Three out of four HR and finance directors are looking to review their employee benefits package as a direct result of the Covid pandemic.
Speaking at a panel at the Corporate Adviser Pension Summit, Howden Employee Benefits head of benefits strategy Steve Herbert said this recent survey showed the effect of the recent health crisis on the benefits market. He added that it reflects the fact many benefit package not as comprehensive as companies would now like.
Herbert says that company faces a “very tough six months”, but business those survive this period will be in a stronger position – but with a knowledge they need to protect their employees.
As he pointed out employee benefits have delivered for businesses during this period of crisis, with group life, for example paying out £57m in life claims.
“Many of these companies would not have had the financial resources at this time to pay any type of compensation to these bereaved families. This demonstrates the benefit of these products.”
James Biggs, partner at the Employee Benefits Collective, agrees this shows the value of the investment in employee benefits. However he says there is likely to be a move away from the ROI (return on investment) calculations, as it is often extremely difficult to prove exactly what return get for each pound spent.
Both consultants agreed there will be a focus on getting core benefits right.
These are important when it comes to protecting staff, helping recruit and retain talent, boosting engagement levels and connecting with corporate purpose, Herbert said
He added that despite corporate budgets being under strain, he did not anticipate any particular increase in the provisions of voluntary benefits.
Professor Adrian Furnham, whose specialists in the psychology of work, money nad behavioural economics said he had been surprised, looking at this area how the benefits people valued changed very little depending on age.
Herbert says there were some ‘cosmetic differences’ between younger and older age forces, but across these generations they looking for protection for themselves and their families along with help with retirement.
Given the widespread problems caused by Covid-19 Herbert adds that he does expect more of a focus on low cost payroll lending in future.
“Even if companies survive the next six months there will be a lot of families in a degree of financial hardship and debt as a result of this pandemic. This is a way of companies to make a real different to employee wellbeing.”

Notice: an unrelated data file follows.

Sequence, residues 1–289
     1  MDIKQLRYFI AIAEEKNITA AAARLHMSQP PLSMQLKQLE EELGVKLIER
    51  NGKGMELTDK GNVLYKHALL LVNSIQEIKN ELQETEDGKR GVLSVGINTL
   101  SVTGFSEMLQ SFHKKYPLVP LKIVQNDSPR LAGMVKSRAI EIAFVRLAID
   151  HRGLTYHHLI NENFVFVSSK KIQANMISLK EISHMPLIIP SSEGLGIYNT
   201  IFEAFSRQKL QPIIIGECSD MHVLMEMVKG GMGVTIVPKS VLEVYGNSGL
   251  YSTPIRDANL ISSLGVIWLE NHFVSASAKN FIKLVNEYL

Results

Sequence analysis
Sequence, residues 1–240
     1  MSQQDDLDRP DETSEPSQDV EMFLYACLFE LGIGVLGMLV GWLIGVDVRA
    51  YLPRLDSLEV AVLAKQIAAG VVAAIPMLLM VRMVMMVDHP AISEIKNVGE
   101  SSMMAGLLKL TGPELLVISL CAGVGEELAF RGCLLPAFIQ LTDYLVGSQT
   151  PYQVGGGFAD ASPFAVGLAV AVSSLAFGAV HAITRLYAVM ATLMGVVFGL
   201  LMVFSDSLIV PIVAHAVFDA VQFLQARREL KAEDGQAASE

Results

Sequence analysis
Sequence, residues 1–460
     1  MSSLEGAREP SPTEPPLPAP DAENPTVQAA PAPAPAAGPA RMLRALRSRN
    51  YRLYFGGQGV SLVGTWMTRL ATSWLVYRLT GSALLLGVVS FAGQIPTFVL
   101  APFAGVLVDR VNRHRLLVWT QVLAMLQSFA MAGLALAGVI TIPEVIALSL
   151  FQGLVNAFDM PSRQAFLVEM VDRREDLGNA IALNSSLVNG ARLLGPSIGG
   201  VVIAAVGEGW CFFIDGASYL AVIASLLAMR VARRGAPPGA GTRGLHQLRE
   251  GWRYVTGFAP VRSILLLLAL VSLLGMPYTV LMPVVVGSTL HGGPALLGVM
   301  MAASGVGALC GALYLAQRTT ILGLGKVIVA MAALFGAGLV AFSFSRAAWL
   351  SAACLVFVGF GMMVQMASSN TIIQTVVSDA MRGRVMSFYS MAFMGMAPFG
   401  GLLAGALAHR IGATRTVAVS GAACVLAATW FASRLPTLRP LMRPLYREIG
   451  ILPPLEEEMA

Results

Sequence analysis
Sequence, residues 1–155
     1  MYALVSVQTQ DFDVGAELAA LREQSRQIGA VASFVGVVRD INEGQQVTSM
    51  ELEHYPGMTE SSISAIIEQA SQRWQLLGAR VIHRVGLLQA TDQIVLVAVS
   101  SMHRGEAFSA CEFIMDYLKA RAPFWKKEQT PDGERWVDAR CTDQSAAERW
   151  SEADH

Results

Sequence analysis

When designing benefit packages Furnham added that employers increasingly need to look at the intrinsic rather than extrinsic factors that motivate employees.
While money is an external motivator, he pointed out it can paradoxically demotivate employees, particularly if they perceive their salary to be less than colleagues.
He says that Covid has accelerated many trends in the market, particularly in relation to more flexible working patterns and use of technology.
“Autonomy, security and encouraging a sense of purpose and mastery can be intrinsic motivators and in some cases a better predictor of happiness and wellbeing in the workplace.”
There are both positive and negatives when it comes to a more flexible workforce that is increasingly working from home, and the challenge for manager is to be aware of both he says.
When it comes to benefit packages many group risk and health product have added remote options, such as virtual doctors apps and mindfulness apps.
While these can be useful in connecting people with clinical health services Furnham says that research suggested that there were limitations this technology. “The people who need them most, tend to use them less. And healthier happier employees tend to use them more, particularly when it comes to conditions such as anxiety and depression. This is a challenge that managers need to be aware of.”